Ophthalmic spectacle lenses of multifocal type may be supplied to the prescription shop in one or more forms: (l)'They may be completed on both sides with standard surfaces and be of average center thickness and of relatively large diameter or area, so that all that is required for the filling of a prescription for glasses is the shaping of the lens by the removal of excess peripheral glass so that it may be used in the spectacle frame. Such lenses are called finished-uncut, and they have spherical powers only; and (2) They may be completed on both sides with standard surfaces and be of excessive thickness and relatively large diameter, so that the operations in the prescription shop may include the process of generating, grinding, and polishing one of the surfaces for the filling of a prescription, thereby reducing the thickness of the lens to conventional thickness, in addition to the other procedures of shaping the lens for the spectacle frame. Such lenses are called semifinished, since one of the surfaces must be refinished, as described above, by the prescription shop.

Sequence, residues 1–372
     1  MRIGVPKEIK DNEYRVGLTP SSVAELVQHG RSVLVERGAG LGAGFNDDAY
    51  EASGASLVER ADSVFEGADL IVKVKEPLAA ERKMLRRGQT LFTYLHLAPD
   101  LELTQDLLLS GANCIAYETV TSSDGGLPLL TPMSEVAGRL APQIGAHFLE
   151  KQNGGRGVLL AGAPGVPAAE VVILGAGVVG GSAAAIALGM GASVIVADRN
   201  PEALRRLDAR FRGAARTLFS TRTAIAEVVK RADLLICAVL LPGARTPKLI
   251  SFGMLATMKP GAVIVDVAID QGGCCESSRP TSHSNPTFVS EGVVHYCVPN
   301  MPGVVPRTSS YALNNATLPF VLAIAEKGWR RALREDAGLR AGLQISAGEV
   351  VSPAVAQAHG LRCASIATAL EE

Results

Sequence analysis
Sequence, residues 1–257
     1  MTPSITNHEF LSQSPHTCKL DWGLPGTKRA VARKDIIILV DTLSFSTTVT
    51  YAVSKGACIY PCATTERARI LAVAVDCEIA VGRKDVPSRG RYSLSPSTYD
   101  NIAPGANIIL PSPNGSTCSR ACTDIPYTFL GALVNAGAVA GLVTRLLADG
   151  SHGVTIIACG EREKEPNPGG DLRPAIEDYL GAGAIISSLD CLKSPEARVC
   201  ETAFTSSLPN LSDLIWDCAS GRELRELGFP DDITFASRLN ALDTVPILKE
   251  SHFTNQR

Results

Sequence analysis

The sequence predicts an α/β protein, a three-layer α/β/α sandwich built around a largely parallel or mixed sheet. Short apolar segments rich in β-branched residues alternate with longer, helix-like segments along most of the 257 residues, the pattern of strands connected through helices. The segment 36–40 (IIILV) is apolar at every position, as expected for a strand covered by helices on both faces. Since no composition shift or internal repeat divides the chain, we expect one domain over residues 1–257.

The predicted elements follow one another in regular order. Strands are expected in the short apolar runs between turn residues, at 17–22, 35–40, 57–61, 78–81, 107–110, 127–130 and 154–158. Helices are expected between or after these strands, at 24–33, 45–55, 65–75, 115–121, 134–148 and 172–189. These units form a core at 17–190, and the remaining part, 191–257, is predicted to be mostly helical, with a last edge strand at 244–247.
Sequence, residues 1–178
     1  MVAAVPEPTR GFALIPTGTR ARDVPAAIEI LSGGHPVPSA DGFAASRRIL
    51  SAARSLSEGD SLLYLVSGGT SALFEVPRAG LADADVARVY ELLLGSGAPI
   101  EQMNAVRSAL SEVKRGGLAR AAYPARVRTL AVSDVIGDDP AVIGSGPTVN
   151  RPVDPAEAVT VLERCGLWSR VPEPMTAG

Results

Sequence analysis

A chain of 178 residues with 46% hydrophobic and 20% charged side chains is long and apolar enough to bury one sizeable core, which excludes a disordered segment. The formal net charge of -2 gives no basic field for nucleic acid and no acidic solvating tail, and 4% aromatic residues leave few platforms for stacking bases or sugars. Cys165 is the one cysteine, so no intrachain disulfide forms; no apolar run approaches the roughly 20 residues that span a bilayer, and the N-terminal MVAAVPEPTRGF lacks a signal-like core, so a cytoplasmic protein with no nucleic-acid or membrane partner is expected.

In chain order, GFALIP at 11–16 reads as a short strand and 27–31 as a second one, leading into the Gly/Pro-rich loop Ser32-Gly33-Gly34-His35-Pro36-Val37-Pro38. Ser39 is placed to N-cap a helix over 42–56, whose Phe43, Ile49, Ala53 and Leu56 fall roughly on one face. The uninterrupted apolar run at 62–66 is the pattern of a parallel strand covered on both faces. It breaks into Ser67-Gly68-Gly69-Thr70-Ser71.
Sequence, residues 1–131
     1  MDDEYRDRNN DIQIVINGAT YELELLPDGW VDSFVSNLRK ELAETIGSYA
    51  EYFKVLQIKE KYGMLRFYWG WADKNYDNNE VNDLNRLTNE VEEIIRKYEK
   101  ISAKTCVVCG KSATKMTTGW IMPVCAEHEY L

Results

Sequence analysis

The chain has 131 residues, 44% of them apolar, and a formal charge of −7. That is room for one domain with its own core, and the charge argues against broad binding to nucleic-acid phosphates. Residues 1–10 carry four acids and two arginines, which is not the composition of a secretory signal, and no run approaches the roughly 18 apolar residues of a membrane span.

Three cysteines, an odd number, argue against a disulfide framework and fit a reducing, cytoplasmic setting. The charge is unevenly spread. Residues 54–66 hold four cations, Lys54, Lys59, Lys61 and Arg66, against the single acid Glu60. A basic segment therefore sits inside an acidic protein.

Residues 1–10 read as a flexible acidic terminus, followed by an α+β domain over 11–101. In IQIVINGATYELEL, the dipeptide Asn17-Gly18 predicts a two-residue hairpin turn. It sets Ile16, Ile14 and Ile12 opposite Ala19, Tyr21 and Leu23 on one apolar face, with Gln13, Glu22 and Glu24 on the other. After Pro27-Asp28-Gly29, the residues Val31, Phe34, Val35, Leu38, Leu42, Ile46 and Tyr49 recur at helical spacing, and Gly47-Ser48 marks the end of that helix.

In the production of the finished-uncut and semifinished ophthalmic lens of this invention for commercial use, the accelerated surface is standardized in tenns of 4.25, 6.25, 8.25, etc., diopter base curve series, wherein the base curve designation refers to the compensated vertical meridian power at a single point along the vertical meridian, said point having been referred to previously as the base curve point. The standardization of the accelerating surface into such base curve series has been done for the purpose of minimizing such aberrations as are manifested in oblique gaze through the periphery of the finished spectacle lens, in a manner analogous to the standardization of commercial finisheduncut and semifinished bifocals and trifocals into base curve series, wherein such base curve designations refer to the conipensated front surface dioptric power, the compensation taking into account the range of lens refractive powers for which a base curve is used, lens curvatures, refractive index of the lens material used in relationship to the refractive index for which the tools were designed, and center thickness of the finished lens.